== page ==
By Rob Moseley
After what could only be termed a dominant freshman season, Oregon softball coaches sat down with Cheridan Hawkins late last spring and reminded her of a hard athletic truth.
If you’re not getting better, you’re getting worse.
The Ducks were set to lose ace starter Jessica Moore to graduation after reaching the NCAA Super Regionals in 2013. Hawkins was a phenom as Oregon’s No. 2 starter last season, relying on a dominant riseball to average 10.6 strikeouts per seven innings. But if she was going to step into Moore’s shoes, Hawkins needed to keep developing.
“She’s already proven she can be a very successful pitcher at this level,” UO coach Mike White said. “That’s not the issue. It’s about trying to get better. And I think she sees that.”
Armed with the benefit of national team experience she got last summer, and some new pitches to complement that outstanding riseball, Hawkins is set to lead the Ducks into their 2014 campaign beginning Friday at the Kajikawa Classic in Tempe, Ariz. Oregon is scheduled to face Cal Poly and Fresno State on Friday, Appalachian State and North Carolina State on Saturday, and Boise State on Sunday.
“I’m just excited to get going,” Hawkins said. “There’s those butterflies, but I think once we start, those will go away. Not that there’s no need to be nervous, but we’ve put in a lot of work and I believe in my defense and hitters.”
It’s the starting pitcher who probably has the most say in a softball team’s success, though, and this year that’s Hawkins, along with senior Karissa Hovinga. They’ll look to ease the hit of Moore’s graduation, after a record-setting career in which she set UO career standards for wins and strikeouts.
Hawkins actually led the Ducks in ERA a year ago, at 1.55, finishing with a 19-5 record. The left-hander had 212 strikeouts in 140.3 innings, with 19 starts and 39 appearances in Oregon’s 61 games.
For all of Hawkins’ success last year, it was an early start in which she was roughed up by Oklahoma, to the tune of 10 runs in four innings, that opened White’s eyes. Some young pitchers would have let the disappointment of that outing linger, but Hawkins quickly moved past it and focused on the future.
“That told me a lot about her,” White said.
Among other things, it told him he could tinker with Hawkins’ repertoire this offseason without worrying that the changes would mess with her confidence. Hawkins threw her riseball around 90 percent of the time last season, mixing in changeups and curveballs here and there, and while it’s not uncommon for a starter to have a single dominant pitch, White wanted to see Hawkins add another hard pitch with different movement.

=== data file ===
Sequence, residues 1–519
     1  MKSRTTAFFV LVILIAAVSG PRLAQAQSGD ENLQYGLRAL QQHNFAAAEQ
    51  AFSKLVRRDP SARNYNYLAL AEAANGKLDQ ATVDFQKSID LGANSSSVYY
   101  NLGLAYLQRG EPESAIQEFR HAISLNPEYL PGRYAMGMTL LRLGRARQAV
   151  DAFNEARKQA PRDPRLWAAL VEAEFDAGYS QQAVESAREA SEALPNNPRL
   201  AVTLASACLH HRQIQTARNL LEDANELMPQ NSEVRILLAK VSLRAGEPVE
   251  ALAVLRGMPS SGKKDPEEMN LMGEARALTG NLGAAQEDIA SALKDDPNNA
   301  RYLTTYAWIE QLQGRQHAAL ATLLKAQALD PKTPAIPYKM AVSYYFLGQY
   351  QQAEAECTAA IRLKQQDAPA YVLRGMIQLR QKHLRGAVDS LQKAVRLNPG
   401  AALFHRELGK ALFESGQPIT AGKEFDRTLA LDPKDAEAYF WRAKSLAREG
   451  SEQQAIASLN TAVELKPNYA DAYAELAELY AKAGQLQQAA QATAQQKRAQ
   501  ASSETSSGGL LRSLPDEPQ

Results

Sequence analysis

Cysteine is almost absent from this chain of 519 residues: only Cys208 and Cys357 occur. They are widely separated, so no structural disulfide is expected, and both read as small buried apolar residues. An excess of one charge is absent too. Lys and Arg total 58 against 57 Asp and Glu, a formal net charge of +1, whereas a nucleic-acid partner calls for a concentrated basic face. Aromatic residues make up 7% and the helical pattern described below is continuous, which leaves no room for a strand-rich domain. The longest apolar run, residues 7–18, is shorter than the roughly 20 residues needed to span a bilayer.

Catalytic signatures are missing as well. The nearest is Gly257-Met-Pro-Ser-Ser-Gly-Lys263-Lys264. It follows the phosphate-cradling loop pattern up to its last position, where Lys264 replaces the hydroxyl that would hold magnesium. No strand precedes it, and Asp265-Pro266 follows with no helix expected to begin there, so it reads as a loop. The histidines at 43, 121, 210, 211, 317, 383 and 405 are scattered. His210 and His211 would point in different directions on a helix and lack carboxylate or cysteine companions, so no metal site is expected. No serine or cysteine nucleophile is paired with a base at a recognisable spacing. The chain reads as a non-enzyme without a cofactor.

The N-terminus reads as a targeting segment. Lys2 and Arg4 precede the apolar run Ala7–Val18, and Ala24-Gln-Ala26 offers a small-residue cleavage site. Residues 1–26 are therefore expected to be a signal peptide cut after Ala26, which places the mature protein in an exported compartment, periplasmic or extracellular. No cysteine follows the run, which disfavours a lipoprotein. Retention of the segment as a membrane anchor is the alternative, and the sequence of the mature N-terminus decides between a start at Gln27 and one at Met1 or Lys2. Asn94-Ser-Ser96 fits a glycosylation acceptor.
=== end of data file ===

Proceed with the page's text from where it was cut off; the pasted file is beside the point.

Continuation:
Throwing pitches with more horizontal and downward movement will help Hawkins work down in the strike zone. Opposing hitters will have some familiarity with her once Pac-12 play starts, and now she’ll also be able to present a different look.
“It hasn’t taken away from her riseball, it’s only added stuff, so I’m excited to see how those other pitches play out for her this season,” UO catcher Janelle Lindvall said. “We’ll see, but I’m really excited for her to have all those tools in her back pocket.”
“It’s going to be a process,” White said. “She’s not immediately going to be comfortable with these other pitches, and if it’s a process that takes the whole season, so be it. But she’s going to have to make that decision, to get to the next level.
“There’s going to be times where she doubts her ability to throw those other pitches, and she’ll go back to what she does best. And I have no issue with that. Just as long as we continue to progress forward.”
Hawkins’ development since last season goes beyond her pitching repertoire, though. She’s a more mature player now, having pitched the U.S. Junior National team to the title game in the World Junior Championships last summer. Following that tournament, she also made several appearances with the U.S. Senior National team.
“I played with a lot of older, very experienced girls, and learned a lot,” Hawkins said. “It was a great experience. I feel like I picked up a lot of traits I could bring back to school and apply.”
Among the lessons that resonated most with Hawkins was the level of focus the national team players have, from one pitch to the next. She and Hovinga have applied that in their bullpen sessions, sometimes demanding complete silence so they can devote all their attention to the next pitch.
That won’t be an option during games, obviously, but Hawkins said the drill has helped create a sort of tunnel vision that she’s able to bring to practices and scrimmages, too.
“I do feel like I’ve gained more of an ability to close off outside distractions,” she said.
On Tuesday, Hawkins pitched a short simulated game to Lindvall, with no one else on the field. In such a casual atmosphere, it might have been easy to go through the motions, but she was sharp as ever, and attacked the strike zone with her new repertoire.
Both the mental and physical developments Hawkins hoped to make this offseason were on display.
“It’s always hard to get used to something you’re not totally comfortable with,” Hawkins said. “But we’ve been working on it all year, and it’s getting to be more natural.”